November 30, 2009

Bayer Starts Phase III Trial with Florbetaben

Detection of beta-Amyloid plaques in Alzheimer patients possible / Florbetaben could improve current diagnostic tools

Berlin/Chicago, November 30, 2009 - Bayer Schering Pharma AG, Germany, is progressing with the development of florbetaben to support Alzheimer diagnosis. On the occasion of the 95th Scientific Assembly and Annual Meeting of the Radiological Society of North America (RSNA), the company announced the enrollment of first patients in an international clinical Phase III trial to evaluate the efficacy and safety of florbetaben (BAY 94-9172) PET imaging in the detection of beta-Amyloid deposition in the brain. The trial will include both subjects with and without manifest dementia (e.g. Alzheimer's disease [AD]). In the previous Phase II trial, florbetaben has successfully demonstrated its potential to detect beta-Amyloid deposition in the brain as a pathological hallmark of disease in AD patients.

"Currently, there is no diagnostic tool on the market to facilitate the in vivo diagnosis of the various dementia types including Alzheimer's disease," said Dr. Thomas Balzer, Head of Global Clinical Development Diagnostic Imaging at Bayer Schering Pharma. "This Phase III study could proof that florbetaben can be used as a new tool to detect beta-Amyloid depositions in the brain in vivo. The ability to image beta-Amyloid depositions already during life, is expected to be beneficial for a better and earlier diagnosis of this devastating disease and to eventually enable also an earlier and more specific treatment."

Phase III Trial Design
The pivotal Phase III trial is a worldwide open-label, multi-center, non-randomized single dose study to assess the safety and to determine the sensitivity and specificity of the visual and quantitative assessment of regional tracer uptake of florbetaben in the brain using PET imaging. Approximately 400 individuals are expected to be enrolled in this study. The florbetaben uptake pattern will be visually assessed by independent, nuclear medicine physicians blinded to the clinical diagnosis and all other clinical data. The images will be compared for the presence or absence of cerebral beta-Amyloid respective to corresponding histo-pathological specimens. Both volunteers without dementia and patients with dementia will be included, therefore enrolling subjects with either a high probability of cerebral beta-Amyloid deposition (e.g. subjects with AD) or a low probability of cerebral beta-Amyloid deposition (e.g.non-demented volunteers).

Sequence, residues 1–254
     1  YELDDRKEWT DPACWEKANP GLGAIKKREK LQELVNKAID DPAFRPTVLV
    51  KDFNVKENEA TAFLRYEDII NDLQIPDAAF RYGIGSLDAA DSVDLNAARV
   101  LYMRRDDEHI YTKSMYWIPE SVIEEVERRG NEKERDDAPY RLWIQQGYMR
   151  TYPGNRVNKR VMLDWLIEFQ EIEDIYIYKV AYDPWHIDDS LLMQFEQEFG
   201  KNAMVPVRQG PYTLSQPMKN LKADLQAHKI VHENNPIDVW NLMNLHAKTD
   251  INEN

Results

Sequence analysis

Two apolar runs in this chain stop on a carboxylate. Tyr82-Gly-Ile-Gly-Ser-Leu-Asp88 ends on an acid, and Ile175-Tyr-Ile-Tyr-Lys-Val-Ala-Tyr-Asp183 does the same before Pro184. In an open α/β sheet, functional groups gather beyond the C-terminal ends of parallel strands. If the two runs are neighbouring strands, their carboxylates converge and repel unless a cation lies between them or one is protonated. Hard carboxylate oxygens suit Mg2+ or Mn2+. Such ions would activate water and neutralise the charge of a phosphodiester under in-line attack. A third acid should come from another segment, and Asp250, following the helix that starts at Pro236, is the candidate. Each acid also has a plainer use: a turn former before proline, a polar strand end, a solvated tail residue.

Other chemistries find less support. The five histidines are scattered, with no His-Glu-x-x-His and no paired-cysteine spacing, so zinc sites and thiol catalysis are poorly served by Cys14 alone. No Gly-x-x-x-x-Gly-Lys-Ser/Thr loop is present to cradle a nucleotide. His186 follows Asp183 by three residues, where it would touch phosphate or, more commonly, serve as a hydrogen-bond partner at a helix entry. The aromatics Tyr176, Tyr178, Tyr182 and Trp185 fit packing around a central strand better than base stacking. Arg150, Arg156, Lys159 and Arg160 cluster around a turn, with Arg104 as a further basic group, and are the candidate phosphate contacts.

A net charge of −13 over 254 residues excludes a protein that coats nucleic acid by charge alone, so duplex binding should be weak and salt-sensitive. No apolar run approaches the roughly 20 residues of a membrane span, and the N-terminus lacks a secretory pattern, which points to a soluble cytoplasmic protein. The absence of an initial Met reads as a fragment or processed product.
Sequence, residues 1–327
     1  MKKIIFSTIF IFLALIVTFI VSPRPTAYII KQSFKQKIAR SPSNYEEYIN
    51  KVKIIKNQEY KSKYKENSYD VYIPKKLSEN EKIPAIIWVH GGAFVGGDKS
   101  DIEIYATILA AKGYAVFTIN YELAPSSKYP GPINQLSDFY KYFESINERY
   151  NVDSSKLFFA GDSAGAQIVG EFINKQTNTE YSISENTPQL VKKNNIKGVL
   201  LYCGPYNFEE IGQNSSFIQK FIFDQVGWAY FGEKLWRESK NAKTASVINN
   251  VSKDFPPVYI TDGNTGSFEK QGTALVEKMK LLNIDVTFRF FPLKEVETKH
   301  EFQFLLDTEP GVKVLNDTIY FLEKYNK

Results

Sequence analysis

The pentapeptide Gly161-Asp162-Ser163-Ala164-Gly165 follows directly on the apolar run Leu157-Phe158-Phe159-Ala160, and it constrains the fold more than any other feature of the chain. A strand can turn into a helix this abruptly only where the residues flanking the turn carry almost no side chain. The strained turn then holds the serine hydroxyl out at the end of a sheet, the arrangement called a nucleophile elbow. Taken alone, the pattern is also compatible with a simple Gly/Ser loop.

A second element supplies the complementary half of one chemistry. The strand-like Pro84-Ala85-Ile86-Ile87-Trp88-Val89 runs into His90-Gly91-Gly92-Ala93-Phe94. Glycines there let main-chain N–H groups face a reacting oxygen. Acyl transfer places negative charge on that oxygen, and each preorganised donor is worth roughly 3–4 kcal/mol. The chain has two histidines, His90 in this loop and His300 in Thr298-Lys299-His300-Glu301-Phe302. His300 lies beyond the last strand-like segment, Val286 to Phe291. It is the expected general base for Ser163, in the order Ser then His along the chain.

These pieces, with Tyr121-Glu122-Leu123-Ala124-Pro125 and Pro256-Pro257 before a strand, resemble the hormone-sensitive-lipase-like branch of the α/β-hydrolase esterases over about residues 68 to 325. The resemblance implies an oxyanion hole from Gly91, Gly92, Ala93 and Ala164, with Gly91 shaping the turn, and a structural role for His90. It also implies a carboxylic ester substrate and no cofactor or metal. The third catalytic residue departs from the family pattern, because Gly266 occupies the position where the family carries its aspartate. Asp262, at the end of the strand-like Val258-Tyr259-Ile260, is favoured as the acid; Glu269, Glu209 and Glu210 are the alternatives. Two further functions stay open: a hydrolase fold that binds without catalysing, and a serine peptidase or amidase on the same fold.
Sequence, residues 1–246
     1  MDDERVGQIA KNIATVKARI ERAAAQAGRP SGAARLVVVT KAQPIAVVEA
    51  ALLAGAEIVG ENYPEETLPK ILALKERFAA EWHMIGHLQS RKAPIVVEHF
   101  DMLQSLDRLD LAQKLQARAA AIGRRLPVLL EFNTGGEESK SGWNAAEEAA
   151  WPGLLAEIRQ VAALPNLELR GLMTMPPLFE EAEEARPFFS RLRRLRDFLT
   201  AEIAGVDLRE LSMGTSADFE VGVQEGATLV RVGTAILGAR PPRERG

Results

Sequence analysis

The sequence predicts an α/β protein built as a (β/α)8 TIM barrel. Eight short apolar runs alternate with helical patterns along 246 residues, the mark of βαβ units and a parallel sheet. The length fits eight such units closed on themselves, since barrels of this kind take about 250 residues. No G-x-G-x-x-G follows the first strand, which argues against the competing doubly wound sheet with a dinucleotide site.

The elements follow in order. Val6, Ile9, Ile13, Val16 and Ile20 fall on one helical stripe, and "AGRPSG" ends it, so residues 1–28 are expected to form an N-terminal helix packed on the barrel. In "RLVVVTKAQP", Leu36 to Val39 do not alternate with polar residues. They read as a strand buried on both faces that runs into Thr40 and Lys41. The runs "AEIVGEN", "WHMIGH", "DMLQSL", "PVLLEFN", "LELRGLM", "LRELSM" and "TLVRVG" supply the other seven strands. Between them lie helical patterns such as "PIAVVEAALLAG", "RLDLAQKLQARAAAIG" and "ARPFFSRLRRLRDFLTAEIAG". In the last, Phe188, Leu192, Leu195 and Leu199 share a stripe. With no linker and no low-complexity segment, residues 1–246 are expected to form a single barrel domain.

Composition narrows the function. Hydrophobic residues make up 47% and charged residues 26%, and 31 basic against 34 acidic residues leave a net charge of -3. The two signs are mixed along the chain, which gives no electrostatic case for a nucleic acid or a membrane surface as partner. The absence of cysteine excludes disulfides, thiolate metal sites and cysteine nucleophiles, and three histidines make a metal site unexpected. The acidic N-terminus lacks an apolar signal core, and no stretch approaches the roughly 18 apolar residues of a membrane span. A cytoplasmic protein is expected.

The primary and secondary objectives of the trial are the evaluation of the sensitivity and specificity of the visual assessment of regional tracer uptake in the florbetaben PET images compared to histological verification as well as the quantitative assessment of regional tracer uptake. The primary completion of the study is anticipated for 2011. However, due to histopathology examinations the study is not anticipated to be completed before 2014.

This worldwide study will be conducted at sites on four different continents. For more information about enrolling in the study, please visit www.clinicaltrials.gov.

Phase II Trial Results
The global Phase II, open-label, non randomized, multi-center study aimed to evaluate the efficacy and safety of florbetaben PET in vivo imaging in the detection/exclusion of cerebral beta-Amyloid plaques in patients with mild-to-moderate, probable AD (older than 55 years of age) compared with age-matched healthy volunteers. A total of 18 study centers in four countries (Australia, Germany, USA and Switzerland) screened 213 individuals of whom 150 individuals were imaged with florbetaben receiving a single intravenous injection of the tracer. Reliable, high-quality images were obtained across multiple centers and camera types.